I was so blessed to have had Kathleen as my dear mentor, colleague and friend. I will treasure her memory, always, and hope to carry on her legacy. – Rita Linjuan Men, Ph.D., University of Florida
Other friends of Kathleen shared their thoughts about this remarkable woman in a blog post by Page President Roger Bolton, who cited her many contributions to the Arthur W. Page Society. “Kathleen’s good-natured sense of humor and respect for others made her a particularly valued colleague and friend,” Roger added.
Here are a few other comments from colleagues and friends:
Kathleen was a delight to be with. I had the privilege of being invited by her to the campus to meet with students. I was very impressed by her knowledge and the urgency she expressed about the essential role public relations plays in any well-managed organization. – Bill Nielsen, formerly of Johnson & Johnson
My wife, Jan, and I had many fun times with Kathleen and George at Page events, at IPR and at the University of Florida over the past 30 years. Kathleen was a good person; she had a sweet heart, a sharp mind and a classy style. Colleagues will remember her as accomplished researcher and a wonderful teacher who was loved by her students and colleagues alike. She will be missed. – Bob Grupp, Former CCO and now teaching at University of Florida
Kathy was a force in nonprofit public relations. Her research was groundbreaking and her mentorship of many academics and professionals helped advance the study of public relations and corporate communication. As chair of the University of Florida’s Department of Public Relations in the College of Journalism and Communications (the largest public relations academic department in the U.S.), she led an innovative program that produced quality education and research. – Don Stacks, Ph.D., University of Miami
Kathleen was one of the nation’s most respected public relations educators. She was a leading authority on the concept of fundraising, and played a major role in developing teaching and research about the not-for-profit aspects of our industry. In addition to teaching at the University of Florida (and prior to that at the University of Louisiana, Lafayette), she also served several years as chair of Florida’s public relations department, widely recognized as one of the nation’s best. – Don Wright, Ph.D., Boston University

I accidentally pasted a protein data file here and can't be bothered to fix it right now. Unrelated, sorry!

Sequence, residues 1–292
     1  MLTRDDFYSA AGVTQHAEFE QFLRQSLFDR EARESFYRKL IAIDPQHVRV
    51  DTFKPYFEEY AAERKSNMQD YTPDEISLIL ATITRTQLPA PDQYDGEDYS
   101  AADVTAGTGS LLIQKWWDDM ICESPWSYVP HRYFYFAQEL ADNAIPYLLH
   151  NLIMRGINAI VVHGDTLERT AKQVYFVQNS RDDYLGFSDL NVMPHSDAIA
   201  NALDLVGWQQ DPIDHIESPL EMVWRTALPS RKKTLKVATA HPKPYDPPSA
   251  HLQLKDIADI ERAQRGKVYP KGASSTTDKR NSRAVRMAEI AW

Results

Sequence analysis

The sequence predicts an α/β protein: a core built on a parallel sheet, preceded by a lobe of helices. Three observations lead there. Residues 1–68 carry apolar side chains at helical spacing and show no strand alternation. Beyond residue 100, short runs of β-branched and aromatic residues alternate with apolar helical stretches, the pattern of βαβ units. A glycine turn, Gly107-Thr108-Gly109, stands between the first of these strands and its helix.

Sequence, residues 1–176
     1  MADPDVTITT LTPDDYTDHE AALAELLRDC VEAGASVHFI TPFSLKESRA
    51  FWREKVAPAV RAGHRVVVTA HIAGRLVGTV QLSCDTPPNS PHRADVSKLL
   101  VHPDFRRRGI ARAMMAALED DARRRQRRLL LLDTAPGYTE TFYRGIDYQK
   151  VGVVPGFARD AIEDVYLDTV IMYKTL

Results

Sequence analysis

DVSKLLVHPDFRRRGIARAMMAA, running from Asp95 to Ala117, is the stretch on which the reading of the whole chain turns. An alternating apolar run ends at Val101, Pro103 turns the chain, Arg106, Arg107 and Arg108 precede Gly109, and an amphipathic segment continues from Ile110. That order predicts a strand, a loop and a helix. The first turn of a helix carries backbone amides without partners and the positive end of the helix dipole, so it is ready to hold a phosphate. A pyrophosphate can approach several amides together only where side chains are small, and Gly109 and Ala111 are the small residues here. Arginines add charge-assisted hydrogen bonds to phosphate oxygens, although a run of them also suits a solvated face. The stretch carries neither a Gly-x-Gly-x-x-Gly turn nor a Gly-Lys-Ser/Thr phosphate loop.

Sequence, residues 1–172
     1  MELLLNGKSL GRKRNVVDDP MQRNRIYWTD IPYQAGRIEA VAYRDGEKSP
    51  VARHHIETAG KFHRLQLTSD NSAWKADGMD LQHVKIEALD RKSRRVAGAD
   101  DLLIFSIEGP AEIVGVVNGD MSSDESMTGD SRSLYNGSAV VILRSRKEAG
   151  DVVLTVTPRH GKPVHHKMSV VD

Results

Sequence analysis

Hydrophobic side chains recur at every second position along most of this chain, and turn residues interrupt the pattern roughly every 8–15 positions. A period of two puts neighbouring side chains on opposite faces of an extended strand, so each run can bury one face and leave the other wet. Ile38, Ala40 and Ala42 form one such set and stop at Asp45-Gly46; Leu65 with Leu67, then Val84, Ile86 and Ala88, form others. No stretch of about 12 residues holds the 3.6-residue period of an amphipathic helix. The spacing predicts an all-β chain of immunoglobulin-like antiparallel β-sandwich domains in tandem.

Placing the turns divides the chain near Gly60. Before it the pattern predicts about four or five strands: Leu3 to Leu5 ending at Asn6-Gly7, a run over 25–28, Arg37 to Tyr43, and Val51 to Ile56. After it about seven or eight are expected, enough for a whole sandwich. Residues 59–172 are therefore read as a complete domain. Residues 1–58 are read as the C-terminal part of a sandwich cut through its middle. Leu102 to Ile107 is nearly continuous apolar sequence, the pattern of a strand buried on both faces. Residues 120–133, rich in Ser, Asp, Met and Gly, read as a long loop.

Kathleen Kelly (Kathy) represented the best of the Maryland scholarly tradition in public relations that was started by James E. Grunig. She went on to extend excellence theory to her own areas of scholarship, primarily fundraising, and to educate students at the University to Louisiana at Lafayette and later to develop doctoral students at one of the leading public relations programs in the world at the University of Florida. Her tradition will carry on that lineage of scholarly research with myriad practical applications. Kathy could always be counted on for a sunny attitude, a bright dress, and an even brighter smile. She was “the” source for anything fundraising-related, a force in the Maryland School of theory, and will be sorely missed as mentor, professor, scholar, and friend. – Shannon Bowen, Ph.D., University of South Carolina
The UF community is indeed deeply saddened, but her impact extends far beyond this institution or even the academic world itself. When I arrived at UF in 2017, Kathleen was still a very important and revered member of the faculty, but also dealing with some health challenges, so I knew her more from our time together on the IPR board and from her overall leadership and renown. She combined scholarship, leadership, authenticity and purpose in a rare way. This is a big loss for the PR profession, where those traits are more important than ever. – Pat Ford, former agency executive, Plank Center trustee and now teaching at University of Florida